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September 5, 1885

EPIDEMIC CHOLERA; ITS SYMPTOMS,PATHOLOGY AND TREATMENT.

Author Affiliations

OF MARSHALL, FAUQUIER CO., VA.

JAMA. 1885;V(10):264-266. doi:10.1001/jama.1885.02391090012001c

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Abstract

Sacred and profane history present graphic details of pestilences or epidemic diseases. In King David's reign, a pestilence destroyed 70,000 men—a calamity which the Bible asserts to have been a judgment of the Almighty to punish a nation for the violation of Divine and physical laws. Thucydides has given an eloquent description of the plague which devastated Attica and the City of Athens during the Peloppone-sian War. A pestilence which prevailed between the years 1345 and 1350 is said to have been so deadly that two-thirds of the human race perished. In the city of London 50,000 dead bodies were buried in one graveyard. It was called the "Black Death."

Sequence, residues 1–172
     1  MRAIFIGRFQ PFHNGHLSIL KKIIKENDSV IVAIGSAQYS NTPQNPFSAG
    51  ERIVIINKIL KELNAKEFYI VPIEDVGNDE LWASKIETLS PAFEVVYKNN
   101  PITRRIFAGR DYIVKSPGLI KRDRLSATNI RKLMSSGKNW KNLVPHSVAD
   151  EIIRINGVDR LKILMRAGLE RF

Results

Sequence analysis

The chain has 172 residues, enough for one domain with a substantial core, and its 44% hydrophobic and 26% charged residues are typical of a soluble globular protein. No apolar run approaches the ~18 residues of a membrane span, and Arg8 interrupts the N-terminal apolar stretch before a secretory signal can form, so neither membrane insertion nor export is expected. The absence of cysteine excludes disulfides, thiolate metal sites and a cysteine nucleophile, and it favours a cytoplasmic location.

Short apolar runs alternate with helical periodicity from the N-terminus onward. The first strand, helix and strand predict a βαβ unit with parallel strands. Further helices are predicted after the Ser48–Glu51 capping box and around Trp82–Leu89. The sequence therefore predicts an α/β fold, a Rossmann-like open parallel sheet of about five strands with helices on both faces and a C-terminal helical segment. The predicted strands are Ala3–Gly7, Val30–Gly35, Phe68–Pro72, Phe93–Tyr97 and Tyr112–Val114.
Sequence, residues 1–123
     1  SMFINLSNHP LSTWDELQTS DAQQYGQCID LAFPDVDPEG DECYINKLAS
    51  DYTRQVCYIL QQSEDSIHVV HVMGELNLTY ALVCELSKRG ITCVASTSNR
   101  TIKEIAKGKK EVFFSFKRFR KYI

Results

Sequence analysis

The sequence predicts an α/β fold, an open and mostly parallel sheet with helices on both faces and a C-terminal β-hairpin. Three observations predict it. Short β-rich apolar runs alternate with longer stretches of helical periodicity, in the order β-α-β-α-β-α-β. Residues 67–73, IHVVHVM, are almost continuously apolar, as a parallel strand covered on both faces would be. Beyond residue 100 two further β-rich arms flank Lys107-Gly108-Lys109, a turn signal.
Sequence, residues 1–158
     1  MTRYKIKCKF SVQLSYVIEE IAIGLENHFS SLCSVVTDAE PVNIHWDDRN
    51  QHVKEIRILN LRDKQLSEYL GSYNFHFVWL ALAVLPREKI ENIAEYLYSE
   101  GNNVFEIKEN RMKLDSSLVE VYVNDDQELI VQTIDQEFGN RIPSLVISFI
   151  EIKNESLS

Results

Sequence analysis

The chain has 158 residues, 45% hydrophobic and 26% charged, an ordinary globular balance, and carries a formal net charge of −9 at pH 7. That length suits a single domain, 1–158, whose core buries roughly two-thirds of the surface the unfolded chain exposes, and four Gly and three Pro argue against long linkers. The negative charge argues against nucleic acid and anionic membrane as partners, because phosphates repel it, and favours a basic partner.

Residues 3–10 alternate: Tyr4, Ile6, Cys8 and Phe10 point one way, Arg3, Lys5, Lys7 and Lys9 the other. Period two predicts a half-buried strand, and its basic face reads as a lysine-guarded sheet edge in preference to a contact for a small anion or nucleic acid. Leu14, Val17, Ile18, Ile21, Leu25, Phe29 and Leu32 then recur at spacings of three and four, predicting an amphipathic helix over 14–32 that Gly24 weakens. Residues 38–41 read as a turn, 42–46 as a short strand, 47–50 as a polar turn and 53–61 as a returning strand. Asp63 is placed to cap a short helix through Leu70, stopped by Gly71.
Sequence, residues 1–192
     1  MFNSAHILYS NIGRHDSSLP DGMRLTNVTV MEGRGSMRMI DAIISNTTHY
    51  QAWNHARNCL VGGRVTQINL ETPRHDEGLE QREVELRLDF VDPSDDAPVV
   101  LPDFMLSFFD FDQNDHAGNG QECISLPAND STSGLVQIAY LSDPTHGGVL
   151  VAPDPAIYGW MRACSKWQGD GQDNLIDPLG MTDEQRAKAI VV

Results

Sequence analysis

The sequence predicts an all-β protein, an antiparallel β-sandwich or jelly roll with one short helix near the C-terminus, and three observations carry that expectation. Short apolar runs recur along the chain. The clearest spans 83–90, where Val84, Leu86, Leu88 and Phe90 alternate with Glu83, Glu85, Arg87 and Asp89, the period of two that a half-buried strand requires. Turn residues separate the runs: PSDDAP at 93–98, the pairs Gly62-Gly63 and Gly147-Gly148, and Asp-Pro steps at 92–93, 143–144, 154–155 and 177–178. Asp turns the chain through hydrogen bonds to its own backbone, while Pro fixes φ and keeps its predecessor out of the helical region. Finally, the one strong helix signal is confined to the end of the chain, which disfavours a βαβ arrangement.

The mortality of epidemic cholera has never attained to the high figures of such precedents, doubtless for the reason of its modern origin, and because Christian civilization has contributed to mitigate the ills of human life, and medical art is

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